Assisting Young Writers To Compose Effective Narratives

The Full Story About Narratives

Before young writers can begin to develop a more distinctive storyteller’s voice, we must assist them to understand that writing becomes more personal when the topic or focus of their writing is limited to a specific moment in time. The closer they can get to a small moment, the more the writing comes to life for the reader. Then, if they can link more than one of these special moments along a timeline, a sense of storytelling emerges for the reader. 

Writers are essentially story tellers. They frequently tell their stories many times over before they are transformed into words. We must allow the inexperienced writers in our care to practice the art of telling their stories to different audiences. Doing this establish the story more fully in the mind of the writer. This is particularly important with our youngest writers.

            If your students are writing focused and clear narratives but you are not gaining a sense of the storyteller’s voice in the words, this is where the teaching focus needs to be. 

The challenge is to raise the young writer’s sense of story. It is important for the developing writer to understand the role of the narrator. Are they aware of the narrator’s viewpoint in telling the story?  This is the story within the story. What mood is created by the words?  How is the plot unfolding? What is the author doing to draw in the reader? How is the author using the power of words to evoke a response from the reader?

All writers seek to influence or persuade their readers. Whether they are writing fiction or non-fiction. Think about the way Roald Dahl, master story teller that he was influenced our opinions of the characters in his stories. We felt a strong sense of empathy for Matilda and we despised the horrendous behaviour of The Trunchbull. Similarly readers were revolted by Mr and Mrs Twit. Dahl influenced our thinking through his clever word choice and crystal clear description.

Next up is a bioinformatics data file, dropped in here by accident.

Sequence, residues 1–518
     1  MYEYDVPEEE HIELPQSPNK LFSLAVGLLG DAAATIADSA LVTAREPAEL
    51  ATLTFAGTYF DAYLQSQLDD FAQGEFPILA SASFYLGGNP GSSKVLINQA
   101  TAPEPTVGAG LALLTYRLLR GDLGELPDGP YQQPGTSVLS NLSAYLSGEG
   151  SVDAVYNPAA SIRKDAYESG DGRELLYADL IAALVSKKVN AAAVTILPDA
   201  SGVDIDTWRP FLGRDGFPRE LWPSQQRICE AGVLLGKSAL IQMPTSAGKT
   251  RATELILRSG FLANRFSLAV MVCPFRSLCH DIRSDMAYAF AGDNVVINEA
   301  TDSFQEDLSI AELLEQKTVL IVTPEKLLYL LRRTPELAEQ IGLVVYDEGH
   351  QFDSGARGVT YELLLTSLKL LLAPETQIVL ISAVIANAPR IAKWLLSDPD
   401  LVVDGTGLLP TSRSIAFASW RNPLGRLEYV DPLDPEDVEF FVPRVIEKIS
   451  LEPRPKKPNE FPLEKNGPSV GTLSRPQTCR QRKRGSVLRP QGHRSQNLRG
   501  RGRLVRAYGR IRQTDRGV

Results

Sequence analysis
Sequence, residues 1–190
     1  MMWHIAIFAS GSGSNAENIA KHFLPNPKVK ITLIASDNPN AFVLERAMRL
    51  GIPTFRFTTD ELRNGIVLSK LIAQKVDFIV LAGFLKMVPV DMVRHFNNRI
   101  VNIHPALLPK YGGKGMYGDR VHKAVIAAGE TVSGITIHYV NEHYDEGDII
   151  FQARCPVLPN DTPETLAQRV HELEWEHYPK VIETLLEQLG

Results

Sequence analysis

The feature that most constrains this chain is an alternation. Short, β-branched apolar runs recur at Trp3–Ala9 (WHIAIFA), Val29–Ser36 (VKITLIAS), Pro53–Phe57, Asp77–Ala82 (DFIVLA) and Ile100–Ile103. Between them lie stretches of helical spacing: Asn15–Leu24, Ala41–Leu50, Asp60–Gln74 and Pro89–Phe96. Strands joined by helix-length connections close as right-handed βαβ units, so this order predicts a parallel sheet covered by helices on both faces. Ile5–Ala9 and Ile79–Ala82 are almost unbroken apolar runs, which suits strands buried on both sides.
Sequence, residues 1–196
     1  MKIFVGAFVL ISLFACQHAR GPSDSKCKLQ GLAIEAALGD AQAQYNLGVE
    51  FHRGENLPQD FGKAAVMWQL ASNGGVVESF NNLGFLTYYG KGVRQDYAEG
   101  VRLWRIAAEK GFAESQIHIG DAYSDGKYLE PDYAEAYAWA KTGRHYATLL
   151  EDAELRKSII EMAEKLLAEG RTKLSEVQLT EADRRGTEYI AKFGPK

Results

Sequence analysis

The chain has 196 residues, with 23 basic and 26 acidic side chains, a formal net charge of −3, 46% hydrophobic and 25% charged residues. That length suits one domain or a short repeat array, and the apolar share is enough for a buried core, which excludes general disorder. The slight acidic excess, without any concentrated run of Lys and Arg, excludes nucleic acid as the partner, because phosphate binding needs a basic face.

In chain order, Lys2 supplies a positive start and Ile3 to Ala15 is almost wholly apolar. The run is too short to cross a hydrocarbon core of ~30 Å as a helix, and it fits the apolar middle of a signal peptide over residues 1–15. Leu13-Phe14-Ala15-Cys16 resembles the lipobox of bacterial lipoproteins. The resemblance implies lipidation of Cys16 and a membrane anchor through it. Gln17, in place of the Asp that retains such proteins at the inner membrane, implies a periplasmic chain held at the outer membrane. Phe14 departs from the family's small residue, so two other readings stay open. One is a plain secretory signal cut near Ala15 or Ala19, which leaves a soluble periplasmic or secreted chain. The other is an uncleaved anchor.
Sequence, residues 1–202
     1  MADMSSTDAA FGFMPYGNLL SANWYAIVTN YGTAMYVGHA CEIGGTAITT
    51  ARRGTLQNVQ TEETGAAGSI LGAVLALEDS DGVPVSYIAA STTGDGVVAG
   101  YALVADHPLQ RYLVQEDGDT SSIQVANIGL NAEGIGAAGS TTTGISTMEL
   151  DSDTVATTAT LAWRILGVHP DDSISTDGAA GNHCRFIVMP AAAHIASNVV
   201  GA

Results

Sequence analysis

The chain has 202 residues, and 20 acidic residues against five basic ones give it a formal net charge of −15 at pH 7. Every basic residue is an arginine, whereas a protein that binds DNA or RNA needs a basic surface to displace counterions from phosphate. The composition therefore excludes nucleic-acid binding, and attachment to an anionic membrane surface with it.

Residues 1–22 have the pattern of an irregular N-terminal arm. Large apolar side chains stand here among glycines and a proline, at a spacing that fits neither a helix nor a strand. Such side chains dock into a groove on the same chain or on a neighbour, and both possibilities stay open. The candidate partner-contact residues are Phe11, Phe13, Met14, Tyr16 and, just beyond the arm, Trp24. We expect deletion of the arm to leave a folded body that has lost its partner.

When students are able to envision the telling of their stories in this way, they can begin to write in a way that draws the reader closer. When we approach the teaching of writing this way it assists the developing writer to include a sense of dramatic tension.

There are many craft strategies that can be used to develop the storytelling skills of young writers. Show, don’t tell assists the reader to visualize events in a story. The inside/outside strategy allows the readers to gain a sense of a character’s internal thought processes. This takes the writing beyond descriptions of the physical world and external actions.

Developing a stronger sense of setting and characters are both vital to the storytelling craft. Dialogue can be used to reveal characters and move the story forward. It is also important to teach young writers about the role of paragraphing to highlight specific details.

I often discuss with young writers the need to tease and tantalize the reader. ‘Don’t tell them everything at once,’ I remind them. ‘Don’t blurt out everything too quickly. It’s not a race, you are telling a story and the writer controls time and events. What power you have at your fingertips. You decide how much information is given and how quickly it is revealed.’

 We often investigate how our favourite authors teach us about pacing our stories at different speeds.  They vary the pace. They expand moments. They move through time quickly on occasions. Not all events in a story are given equal attention.

Storytelling is a craft. The best writing makes you think. The writing causes you to question and wonder. As teachers we need to reveal to our students, the whole story about the craft of storytelling.


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